Figure 5. Comparison of undercut profiles resulting from electropolishing. (a) Insulating mask layer (photoresist), (b) conductive mask layer (metal).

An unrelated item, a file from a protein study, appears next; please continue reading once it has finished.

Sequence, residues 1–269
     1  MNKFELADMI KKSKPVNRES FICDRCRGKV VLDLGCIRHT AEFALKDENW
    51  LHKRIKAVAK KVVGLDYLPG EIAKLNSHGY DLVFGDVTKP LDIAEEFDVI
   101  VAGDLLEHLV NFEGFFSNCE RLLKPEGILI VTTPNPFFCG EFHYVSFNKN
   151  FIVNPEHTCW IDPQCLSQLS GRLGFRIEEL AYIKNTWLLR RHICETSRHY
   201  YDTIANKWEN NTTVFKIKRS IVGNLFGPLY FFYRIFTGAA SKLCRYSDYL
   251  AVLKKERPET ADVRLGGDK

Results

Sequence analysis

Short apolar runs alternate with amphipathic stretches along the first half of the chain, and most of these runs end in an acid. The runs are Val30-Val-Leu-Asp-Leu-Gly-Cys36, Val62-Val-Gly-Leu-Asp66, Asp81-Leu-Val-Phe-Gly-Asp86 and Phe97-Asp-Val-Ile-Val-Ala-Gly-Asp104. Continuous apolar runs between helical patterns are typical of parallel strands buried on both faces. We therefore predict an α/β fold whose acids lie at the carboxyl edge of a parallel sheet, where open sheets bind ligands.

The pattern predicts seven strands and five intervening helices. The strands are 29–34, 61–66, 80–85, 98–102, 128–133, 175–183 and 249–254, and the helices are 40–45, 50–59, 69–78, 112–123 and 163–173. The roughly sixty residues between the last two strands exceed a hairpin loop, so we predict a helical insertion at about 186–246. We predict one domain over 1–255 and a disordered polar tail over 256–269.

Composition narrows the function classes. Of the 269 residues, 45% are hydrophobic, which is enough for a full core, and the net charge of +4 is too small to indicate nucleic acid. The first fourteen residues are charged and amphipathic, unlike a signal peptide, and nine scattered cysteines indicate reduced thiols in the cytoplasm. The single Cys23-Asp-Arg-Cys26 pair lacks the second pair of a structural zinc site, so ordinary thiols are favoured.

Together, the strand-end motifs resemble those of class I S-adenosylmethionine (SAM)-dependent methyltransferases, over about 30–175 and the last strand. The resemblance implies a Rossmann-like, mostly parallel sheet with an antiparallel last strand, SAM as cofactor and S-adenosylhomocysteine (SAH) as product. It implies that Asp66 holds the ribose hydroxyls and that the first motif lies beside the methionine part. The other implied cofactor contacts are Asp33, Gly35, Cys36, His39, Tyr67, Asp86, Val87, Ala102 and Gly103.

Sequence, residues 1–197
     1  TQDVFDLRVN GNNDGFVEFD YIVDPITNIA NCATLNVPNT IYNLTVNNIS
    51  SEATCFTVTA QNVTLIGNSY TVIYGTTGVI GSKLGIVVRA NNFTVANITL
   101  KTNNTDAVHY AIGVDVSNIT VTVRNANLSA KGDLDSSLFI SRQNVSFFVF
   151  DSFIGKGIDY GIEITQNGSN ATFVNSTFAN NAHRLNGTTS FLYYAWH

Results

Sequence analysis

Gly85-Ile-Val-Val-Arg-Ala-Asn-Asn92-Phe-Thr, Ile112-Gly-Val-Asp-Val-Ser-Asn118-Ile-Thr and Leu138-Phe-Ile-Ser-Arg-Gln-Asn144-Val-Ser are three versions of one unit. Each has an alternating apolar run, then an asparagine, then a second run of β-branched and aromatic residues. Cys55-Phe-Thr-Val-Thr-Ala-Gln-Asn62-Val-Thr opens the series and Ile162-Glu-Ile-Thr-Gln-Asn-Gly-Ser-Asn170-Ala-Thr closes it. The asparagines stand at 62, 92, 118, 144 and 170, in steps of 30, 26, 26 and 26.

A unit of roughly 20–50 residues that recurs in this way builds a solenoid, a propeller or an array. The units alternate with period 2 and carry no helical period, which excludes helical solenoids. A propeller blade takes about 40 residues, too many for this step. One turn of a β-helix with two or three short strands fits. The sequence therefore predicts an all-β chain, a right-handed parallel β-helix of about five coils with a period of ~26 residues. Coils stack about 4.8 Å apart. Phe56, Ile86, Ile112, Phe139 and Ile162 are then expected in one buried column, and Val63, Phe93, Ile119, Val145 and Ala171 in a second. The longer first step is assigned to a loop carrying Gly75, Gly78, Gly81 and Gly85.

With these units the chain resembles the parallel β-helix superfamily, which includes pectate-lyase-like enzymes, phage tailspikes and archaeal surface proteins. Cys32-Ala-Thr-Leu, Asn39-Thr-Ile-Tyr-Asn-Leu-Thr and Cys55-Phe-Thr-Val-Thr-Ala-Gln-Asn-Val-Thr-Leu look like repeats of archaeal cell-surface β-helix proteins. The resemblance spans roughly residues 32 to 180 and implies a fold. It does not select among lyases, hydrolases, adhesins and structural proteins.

During the fabrication process, SOG was employed to fill the PS pores in place of a polymer (ProLIFT) used in our previous work . To understand the improvement from using SOG, a comparison of pore filling techniques utilizing ProLIFT and SOG is depicted schematically in Figure 6, at three photolithography steps: (I) UV light exposure with photoresist patterning, (II) developing to remove exposed positive photoresist and (III) RIE and photoresist/pore filling material removal. While ProLIFT can be used to fill the PS pores prior to the application of photoresist in step I, it is not UV sensitive but can be removed by standard alkaline developer during the photoresist development step. This allows ProLIFT to be patterned in the same wet process that defines the photoresist but requires accurate timing of the development time. If the developing time is too short, exposed photoresist will be removed but ProLIFT residue will remain in the PS film slowing the RIE removal of PS, as shown in Figure 6a. Furthermore, any residual ProLIFT in the PS film once released is expected to introduce stress in released microbeams, resulting in beam breakage (poor yield). On the other hand, if the developing time is too long, the photoresist will be over developed, causing a large side wall angle of the photoresist pattern, resulting in poorly defined PS structures as shown in Figure 6b. Worse, over developing can result in lift off of the patterned photoresist if it is not well attached to the PS film. Repeated experiments have shown the development time when using ProLIFT becomes a significant issue when patterning PS films above 1-μm thick, as they require a much longer developing time (>60 s) to remove all the ProLIFT in the PS films than typically required for photoresist development (approximately 30 s).